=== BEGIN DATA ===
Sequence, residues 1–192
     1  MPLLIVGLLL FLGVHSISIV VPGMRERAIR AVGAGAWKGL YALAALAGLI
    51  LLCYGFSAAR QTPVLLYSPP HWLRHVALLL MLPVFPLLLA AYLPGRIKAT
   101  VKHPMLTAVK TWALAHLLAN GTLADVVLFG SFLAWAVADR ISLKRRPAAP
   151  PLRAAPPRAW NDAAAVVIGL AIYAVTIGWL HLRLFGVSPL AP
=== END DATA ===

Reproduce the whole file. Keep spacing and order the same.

Sequence, residues 1–192
     1  MPLLIVGLLL FLGVHSISIV VPGMRERAIR AVGAGAWKGL YALAALAGLI
    51  LLCYGFSAAR QTPVLLYSPP HWLRHVALLL MLPVFPLLLA AYLPGRIKAT
   101  VKHPMLTAVK TWALAHLLAN GTLADVVLFG SFLAWAVADR ISLKRRPAAP
   151  PLRAAPPRAW NDAAAVVIGL AIYAVTIGWL HLRLFGVSPL AP